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About der_Hendrikos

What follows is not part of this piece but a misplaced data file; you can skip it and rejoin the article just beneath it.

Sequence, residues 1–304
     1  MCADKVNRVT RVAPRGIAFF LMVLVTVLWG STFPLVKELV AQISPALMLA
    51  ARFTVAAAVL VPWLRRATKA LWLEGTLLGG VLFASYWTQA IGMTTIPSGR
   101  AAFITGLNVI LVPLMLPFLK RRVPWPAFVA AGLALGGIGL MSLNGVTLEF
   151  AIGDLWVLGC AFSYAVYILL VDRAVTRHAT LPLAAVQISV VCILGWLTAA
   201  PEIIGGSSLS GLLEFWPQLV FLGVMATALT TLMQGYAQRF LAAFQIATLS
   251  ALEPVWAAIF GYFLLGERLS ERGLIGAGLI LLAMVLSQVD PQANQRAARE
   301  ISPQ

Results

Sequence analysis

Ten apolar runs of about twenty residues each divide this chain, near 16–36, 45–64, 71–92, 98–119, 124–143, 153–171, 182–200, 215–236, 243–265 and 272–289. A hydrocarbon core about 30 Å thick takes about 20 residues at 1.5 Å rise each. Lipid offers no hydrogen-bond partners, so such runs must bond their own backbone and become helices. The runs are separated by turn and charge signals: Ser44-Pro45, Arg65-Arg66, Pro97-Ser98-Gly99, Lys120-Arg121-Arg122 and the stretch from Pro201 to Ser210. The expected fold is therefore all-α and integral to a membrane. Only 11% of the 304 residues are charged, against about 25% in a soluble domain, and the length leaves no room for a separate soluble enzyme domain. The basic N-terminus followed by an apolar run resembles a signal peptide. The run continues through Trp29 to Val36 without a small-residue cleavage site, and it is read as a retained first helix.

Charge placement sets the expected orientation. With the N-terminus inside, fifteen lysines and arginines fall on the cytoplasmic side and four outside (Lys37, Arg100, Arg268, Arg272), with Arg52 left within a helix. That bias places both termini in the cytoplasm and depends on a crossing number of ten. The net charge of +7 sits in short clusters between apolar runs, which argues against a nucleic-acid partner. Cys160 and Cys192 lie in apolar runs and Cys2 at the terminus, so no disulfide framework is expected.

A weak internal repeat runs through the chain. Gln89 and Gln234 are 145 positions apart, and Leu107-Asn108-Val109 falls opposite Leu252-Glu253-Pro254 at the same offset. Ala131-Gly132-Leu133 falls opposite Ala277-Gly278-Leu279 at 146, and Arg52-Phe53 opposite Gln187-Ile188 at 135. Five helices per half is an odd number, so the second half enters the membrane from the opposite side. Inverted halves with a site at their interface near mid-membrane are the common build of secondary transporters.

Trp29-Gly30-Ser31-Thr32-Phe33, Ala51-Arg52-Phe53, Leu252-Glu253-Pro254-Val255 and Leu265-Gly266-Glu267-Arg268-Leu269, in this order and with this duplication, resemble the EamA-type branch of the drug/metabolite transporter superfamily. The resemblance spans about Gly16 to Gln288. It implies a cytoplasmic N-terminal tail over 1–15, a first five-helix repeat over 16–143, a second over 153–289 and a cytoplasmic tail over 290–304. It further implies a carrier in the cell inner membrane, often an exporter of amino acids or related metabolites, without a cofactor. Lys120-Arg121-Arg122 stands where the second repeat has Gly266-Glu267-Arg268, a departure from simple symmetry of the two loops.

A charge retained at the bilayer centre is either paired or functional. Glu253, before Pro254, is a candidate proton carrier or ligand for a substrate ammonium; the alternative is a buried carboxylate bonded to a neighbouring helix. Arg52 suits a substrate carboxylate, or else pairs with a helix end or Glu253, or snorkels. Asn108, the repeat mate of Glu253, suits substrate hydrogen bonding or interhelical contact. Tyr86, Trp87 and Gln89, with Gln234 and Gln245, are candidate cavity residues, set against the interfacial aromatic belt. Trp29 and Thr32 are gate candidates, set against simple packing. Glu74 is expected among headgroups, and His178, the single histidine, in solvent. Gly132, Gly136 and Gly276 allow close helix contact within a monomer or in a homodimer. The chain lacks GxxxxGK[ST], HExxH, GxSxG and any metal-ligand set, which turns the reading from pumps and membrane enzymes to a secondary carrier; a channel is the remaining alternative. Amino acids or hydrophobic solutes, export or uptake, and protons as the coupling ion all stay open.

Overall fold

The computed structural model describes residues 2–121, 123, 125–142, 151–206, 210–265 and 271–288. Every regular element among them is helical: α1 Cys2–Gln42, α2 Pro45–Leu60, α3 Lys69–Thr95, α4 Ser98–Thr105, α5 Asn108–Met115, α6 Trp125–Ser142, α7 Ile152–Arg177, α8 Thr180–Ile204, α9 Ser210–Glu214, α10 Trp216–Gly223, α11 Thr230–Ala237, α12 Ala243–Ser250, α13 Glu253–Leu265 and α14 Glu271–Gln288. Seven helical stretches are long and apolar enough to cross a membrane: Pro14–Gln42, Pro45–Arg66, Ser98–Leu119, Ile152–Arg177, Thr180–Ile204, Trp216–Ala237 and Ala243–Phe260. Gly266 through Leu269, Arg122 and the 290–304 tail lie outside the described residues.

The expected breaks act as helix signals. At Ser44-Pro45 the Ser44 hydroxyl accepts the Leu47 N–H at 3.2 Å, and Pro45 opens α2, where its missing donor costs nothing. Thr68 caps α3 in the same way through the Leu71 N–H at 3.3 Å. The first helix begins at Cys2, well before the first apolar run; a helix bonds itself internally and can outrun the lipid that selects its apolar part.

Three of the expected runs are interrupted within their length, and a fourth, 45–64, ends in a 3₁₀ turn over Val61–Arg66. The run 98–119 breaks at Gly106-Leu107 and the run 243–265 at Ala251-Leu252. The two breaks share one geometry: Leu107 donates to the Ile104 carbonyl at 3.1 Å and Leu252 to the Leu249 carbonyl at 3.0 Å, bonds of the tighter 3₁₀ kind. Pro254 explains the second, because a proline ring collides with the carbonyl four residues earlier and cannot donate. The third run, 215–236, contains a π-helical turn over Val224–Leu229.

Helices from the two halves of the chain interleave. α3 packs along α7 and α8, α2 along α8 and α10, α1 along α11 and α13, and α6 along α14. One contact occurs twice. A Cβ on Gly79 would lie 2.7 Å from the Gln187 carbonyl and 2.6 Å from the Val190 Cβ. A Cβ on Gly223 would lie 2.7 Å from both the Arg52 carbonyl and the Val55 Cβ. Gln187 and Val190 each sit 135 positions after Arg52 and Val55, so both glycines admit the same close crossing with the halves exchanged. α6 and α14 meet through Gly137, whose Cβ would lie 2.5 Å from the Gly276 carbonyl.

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  1. Thanks for the feedback! Glad you liked the review. I plan to review some of the other stuff I have around as well, so it's nice to hear that people enjoyed the first one I put up. As for your question: at the moment, I am powering the HD 558 off of my laptop and sometimes my iPod, but I am looking into buying an external USB DAC/amp sooner or later. Since the headphones have a 50 ohm impedance, which is not a lot considering the size of the drivers inside the HD 558, the sound won't be entirely different, but still slightly more balanced and rich. You can however use them on any PC, laptop, phone or music player without a dedicated amp just fine. Hope that answers your question!